MONTGOMERY, Ala. — Hundreds of church members braved the afternoon heat as they marched to the steps of the Alabama State Capitol — a half-century after the marches and demonstrations here at the peak of the civil rights movement.
Then, African-Americans were on a crusade for equal rights — in the voting booth and the school classroom — and justice. This time, they were on a Crusade for Christ.
“I believe that, if men were always looking to Jesus, we would not have had all of the racial problems that we have had … not only in Alabama but all over this world,” Jack Evans said from the capitol steps after the Christians sang, “I’ll live with him forever, in glory by and by.”
Earlier that day, nearly 3,000 people packed into the Montgomery Convention Center for Sunday worship.
Evans, a longtime minister and president of Southwestern Christian College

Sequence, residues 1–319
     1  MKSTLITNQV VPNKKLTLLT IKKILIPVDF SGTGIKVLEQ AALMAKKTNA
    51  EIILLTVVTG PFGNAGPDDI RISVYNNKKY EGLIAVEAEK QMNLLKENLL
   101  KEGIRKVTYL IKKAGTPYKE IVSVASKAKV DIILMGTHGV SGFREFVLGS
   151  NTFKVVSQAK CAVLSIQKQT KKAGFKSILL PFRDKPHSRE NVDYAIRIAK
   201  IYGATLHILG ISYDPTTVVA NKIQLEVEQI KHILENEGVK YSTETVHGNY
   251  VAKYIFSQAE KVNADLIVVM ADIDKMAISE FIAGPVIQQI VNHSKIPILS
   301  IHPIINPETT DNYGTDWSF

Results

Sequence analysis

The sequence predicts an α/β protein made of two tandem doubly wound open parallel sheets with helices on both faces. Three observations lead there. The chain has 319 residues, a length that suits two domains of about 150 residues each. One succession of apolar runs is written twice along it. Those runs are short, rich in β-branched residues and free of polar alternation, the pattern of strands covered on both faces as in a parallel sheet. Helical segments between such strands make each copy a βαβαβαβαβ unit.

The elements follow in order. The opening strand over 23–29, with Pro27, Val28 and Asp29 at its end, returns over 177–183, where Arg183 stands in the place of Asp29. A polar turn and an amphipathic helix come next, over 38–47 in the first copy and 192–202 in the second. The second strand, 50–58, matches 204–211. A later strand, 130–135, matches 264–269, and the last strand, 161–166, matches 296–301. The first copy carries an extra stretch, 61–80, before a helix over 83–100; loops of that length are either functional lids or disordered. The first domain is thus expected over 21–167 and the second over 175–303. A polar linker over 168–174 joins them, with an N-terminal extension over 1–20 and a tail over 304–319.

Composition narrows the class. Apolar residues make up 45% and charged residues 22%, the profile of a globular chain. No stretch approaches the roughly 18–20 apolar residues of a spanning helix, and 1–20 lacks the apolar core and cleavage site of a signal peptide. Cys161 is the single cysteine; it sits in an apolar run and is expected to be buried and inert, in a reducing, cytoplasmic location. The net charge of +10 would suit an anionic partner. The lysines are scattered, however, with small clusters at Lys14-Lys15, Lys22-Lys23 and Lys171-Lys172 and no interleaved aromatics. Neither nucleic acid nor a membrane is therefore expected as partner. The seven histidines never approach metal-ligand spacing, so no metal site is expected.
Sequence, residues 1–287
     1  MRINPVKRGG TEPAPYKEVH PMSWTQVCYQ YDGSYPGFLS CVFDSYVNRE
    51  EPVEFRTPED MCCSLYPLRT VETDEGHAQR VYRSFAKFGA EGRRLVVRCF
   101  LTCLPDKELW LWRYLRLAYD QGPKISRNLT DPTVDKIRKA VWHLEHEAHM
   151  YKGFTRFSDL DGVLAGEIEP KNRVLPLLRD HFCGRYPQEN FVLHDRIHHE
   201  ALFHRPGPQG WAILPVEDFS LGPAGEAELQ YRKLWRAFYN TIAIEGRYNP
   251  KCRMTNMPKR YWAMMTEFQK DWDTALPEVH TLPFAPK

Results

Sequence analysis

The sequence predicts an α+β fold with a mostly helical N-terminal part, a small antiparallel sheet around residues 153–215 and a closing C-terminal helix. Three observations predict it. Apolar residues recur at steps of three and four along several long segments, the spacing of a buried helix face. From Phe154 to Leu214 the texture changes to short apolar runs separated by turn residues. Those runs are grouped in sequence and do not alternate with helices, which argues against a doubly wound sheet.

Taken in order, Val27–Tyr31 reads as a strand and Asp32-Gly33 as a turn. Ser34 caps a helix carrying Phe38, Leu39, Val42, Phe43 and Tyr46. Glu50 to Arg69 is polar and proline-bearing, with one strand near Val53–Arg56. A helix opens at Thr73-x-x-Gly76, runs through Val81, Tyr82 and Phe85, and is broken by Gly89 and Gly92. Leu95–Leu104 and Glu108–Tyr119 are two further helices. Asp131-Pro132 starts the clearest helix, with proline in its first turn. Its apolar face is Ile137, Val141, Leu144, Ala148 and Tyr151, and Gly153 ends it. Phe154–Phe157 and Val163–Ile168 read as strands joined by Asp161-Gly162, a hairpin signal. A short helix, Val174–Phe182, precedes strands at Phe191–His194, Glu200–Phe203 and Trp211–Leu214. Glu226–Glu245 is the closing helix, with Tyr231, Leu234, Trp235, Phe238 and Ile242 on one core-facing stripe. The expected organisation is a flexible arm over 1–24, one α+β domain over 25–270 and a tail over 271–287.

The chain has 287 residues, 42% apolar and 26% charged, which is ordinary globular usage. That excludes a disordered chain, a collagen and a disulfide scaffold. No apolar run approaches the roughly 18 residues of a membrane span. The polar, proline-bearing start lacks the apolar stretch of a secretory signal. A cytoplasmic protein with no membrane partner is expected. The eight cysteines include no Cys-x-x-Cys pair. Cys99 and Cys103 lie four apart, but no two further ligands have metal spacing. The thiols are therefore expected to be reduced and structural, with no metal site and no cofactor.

in Terrell, Texas, was the keynote speaker at the Crusade, a weeklong evangelistic campaign hosted by Churches of Christ every two years in a major U.S. city.
A group of ministers in Chicago launched the Crusade in 1979 and chose Daniel Harrison, a native of Montgomery, to lead it.
“I felt a need to come back home,” Harrison told the Montgomery Advertiser
as he made the ceremonial march to the Capitol. He’s kept up with news of a recent increase in homicides in Montgomery and hoped the Crusade could help make a difference.
“If you can bring about some type of spiritual metamorphosis,” he said, “it gives people another sense of direction.”
In addition to days of door-knocking, Bible studies and gospel preaching, crusaders gave away 20,000 pounds of food to the needy in conjunction with the Montgomery Area Food Bank, organizer Herman Wesley III said.
The group also conducted free health fairs at three area Churches of Christ.
Fred Gray, an attorney and elder of the Tuskegee Church of Christ in Alabama, defended Rosa Parks during the bus boycott in Montgomery 58 years ago. He spoke during the Crusade.
After years of tension and mistrust, “I certainly hope that the black church and the white church — terms that should have never existed in the first place — come together,” Gray told The Christian Chronicle. RELATED BLOG POST: Hamil Harris interviews Fred Gray about the Crusade for Christ.